Shortly after 1:00 AM on September 20, 1913, the Pavilion caught fire and was consumed in a spectacular blaze.  Explosions of ammunition stored in the basement blew the burning fragments of the roof into the air, and flames roared upward hundreds of feet.

After the fire the only question on everyone's mind was, "When will there be erected another to take its place?" It was 10 years before the Pavilion was replaced by the Municipal Auditorium (September 10, 1923).


July 2, 1915 - Pioneer Park

Relaxing Under a Pepper Tree in Pioneer Park in the Early 20th Century (Postcard courtesy of the San Bernardino Historical and Pioneer Society)

When the expected Indian attack never materialized, the original Mormon settlers in San Bernardino decided to move out of the fort they had built in 1851.  In 1853 the City of San Bernardino was laid out like a miniature Salt Lake City.  The town was one mile-square, laid out in blocks containing eight acres each.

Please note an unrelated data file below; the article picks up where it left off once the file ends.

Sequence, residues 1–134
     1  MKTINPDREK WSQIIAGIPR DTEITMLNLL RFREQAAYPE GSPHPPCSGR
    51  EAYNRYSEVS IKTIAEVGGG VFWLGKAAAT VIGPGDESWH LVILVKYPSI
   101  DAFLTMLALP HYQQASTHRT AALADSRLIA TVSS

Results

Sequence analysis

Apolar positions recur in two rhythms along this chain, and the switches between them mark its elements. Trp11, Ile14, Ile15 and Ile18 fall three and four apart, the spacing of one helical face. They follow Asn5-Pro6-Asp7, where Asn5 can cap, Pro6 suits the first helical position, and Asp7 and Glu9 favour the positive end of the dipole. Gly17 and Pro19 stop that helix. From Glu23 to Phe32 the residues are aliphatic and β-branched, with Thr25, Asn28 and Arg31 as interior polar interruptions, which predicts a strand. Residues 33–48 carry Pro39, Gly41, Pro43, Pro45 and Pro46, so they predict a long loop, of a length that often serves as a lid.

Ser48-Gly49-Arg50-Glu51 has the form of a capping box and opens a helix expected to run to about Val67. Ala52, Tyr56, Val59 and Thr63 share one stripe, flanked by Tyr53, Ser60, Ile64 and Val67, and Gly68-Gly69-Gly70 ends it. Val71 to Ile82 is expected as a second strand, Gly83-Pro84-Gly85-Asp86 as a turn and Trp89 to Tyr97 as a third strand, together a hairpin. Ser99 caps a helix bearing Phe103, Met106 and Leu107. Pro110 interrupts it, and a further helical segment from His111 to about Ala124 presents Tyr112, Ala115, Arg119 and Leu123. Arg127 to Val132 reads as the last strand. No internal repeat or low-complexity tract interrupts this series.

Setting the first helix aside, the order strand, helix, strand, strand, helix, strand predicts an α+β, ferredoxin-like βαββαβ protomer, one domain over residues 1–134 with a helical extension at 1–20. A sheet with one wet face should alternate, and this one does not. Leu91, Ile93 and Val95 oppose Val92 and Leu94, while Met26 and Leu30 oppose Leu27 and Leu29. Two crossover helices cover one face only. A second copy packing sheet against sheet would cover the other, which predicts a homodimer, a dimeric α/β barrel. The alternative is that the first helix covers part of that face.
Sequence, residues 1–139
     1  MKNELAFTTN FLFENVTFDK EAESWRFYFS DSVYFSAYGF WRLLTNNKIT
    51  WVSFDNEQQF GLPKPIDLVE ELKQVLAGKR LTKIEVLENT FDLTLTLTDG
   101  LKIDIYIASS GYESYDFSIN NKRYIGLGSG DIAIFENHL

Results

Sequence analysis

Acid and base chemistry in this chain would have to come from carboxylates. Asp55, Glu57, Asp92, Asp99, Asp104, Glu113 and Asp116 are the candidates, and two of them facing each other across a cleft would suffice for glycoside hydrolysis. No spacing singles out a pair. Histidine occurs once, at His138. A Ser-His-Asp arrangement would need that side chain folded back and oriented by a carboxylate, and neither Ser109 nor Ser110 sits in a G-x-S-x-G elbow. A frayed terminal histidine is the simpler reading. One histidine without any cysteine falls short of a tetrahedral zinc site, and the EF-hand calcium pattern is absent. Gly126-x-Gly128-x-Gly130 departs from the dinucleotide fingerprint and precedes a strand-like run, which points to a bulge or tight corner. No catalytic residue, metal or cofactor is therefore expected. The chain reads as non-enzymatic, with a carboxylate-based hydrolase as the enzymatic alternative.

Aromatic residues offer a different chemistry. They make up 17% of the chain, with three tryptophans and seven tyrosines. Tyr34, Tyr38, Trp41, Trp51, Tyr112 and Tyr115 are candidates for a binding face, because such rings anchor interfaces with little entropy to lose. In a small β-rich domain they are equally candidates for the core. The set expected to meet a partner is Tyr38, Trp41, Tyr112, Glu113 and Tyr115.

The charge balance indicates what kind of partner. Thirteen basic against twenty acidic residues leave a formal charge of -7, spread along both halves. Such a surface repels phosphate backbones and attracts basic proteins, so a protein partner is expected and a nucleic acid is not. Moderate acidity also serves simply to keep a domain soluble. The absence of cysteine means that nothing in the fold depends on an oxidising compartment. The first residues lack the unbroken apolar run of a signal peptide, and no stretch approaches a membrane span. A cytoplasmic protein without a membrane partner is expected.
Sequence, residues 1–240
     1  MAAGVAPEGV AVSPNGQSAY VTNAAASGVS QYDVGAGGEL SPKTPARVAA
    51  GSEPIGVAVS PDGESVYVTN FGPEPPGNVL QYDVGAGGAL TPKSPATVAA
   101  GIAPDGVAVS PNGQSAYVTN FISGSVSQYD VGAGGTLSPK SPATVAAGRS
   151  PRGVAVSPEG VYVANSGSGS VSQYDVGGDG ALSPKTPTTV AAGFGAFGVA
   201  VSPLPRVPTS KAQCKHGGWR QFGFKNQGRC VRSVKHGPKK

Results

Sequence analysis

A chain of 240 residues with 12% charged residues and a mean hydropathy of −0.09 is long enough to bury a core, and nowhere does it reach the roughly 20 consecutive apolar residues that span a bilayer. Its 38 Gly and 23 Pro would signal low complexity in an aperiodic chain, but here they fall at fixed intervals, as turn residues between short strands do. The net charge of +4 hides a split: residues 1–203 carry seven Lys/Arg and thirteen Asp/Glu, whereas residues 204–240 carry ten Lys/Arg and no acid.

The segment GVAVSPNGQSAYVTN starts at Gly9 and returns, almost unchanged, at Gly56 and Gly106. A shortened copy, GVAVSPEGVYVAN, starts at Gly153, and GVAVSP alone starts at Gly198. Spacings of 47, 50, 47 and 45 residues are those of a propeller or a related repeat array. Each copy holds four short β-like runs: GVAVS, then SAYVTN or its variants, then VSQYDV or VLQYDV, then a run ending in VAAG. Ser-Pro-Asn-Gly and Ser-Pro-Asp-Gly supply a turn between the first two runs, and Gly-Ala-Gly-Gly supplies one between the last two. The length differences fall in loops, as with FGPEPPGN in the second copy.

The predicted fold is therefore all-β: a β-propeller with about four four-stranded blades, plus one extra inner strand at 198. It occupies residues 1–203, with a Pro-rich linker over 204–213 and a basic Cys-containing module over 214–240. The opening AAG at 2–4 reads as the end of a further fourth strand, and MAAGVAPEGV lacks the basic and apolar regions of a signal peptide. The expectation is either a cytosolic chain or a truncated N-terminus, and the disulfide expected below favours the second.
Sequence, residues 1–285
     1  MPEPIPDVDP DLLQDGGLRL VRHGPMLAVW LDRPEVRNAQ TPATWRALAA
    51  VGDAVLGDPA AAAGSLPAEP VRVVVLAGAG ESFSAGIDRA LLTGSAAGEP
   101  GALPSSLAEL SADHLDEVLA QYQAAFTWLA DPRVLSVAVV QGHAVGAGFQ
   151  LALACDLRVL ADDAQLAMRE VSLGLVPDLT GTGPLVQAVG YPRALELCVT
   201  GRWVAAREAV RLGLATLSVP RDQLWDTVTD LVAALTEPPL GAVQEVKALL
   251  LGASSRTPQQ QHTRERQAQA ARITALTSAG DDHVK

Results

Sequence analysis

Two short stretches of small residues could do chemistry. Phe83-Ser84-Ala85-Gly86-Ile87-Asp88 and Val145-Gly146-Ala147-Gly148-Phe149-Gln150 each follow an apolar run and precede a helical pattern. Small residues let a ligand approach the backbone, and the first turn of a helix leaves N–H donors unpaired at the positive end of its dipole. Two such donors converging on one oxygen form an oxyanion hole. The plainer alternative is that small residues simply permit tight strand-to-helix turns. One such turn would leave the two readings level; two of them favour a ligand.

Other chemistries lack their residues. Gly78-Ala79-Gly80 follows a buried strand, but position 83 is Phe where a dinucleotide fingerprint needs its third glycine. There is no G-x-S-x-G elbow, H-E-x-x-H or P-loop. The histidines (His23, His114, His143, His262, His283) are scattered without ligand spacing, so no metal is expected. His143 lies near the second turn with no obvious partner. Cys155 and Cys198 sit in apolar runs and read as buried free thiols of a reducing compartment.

A block-square public park was established in the center of town.  It was located between 5th and 6th Street and Salt Lake (E) Street and California (F) Street.  The park in the early years was called the "Public Square", then "City Park" and "Lugo Park" (for the Lugo family, the first owners).  

On July 2, 1915, the City Council officially established the name of the park as "Pioneer Park".

Over the years numerous buildings were erected in this eight-acre park, including:

*  1880, St. Catherine's Convent School (torn down in 1927 to build the California Hotel)

*  1890, Pavilion (burned down in 1913)